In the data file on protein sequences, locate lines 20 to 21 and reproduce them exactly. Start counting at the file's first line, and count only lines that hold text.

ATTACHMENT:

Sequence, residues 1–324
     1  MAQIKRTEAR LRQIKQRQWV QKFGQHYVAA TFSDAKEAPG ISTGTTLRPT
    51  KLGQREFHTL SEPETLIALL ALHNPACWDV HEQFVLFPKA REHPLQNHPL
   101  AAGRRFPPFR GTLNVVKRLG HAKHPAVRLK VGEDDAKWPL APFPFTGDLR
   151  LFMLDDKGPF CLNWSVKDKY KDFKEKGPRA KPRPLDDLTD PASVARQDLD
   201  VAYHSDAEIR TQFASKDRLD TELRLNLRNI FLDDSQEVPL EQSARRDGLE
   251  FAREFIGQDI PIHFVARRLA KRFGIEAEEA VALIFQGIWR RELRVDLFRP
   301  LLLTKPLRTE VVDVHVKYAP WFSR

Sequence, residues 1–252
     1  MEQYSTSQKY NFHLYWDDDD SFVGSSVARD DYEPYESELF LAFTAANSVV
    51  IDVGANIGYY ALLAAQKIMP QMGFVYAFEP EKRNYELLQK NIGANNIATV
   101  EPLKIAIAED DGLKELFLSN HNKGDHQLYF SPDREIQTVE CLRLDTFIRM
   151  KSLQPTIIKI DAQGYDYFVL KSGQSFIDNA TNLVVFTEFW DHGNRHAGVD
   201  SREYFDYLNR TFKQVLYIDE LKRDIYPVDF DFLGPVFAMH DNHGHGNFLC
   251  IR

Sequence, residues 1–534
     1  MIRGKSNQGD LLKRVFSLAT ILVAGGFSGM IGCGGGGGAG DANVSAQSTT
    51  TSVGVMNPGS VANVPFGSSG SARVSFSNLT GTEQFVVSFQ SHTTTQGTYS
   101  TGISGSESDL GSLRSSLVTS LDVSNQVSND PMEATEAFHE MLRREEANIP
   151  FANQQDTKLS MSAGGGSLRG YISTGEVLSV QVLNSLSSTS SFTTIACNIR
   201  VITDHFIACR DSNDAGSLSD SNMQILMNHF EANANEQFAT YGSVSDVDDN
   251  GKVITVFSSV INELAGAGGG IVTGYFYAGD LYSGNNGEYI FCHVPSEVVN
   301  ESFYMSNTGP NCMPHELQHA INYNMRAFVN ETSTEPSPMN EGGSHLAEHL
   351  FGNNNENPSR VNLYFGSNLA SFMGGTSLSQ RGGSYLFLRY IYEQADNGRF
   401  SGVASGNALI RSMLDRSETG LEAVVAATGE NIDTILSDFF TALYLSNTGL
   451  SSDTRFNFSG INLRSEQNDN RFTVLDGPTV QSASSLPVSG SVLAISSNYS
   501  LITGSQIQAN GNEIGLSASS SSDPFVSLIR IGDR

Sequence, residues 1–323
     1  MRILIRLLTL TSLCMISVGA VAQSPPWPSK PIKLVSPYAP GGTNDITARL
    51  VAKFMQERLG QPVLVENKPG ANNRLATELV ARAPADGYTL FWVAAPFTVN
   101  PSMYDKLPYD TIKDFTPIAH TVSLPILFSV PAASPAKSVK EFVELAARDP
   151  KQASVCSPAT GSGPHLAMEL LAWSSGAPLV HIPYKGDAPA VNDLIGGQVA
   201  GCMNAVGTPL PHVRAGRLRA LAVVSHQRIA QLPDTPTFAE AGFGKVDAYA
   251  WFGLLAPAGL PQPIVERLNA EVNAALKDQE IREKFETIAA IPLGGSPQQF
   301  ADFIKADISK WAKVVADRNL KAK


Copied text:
   151  FANQQDTKLS MSAGGGSLRG YISTGEVLSV QVLNSLSSTS SFTTIACNIR
   201  VITDHFIACR DSNDAGSLSD SNMQILMNHF EANANEQFAT YGSVSDVDDN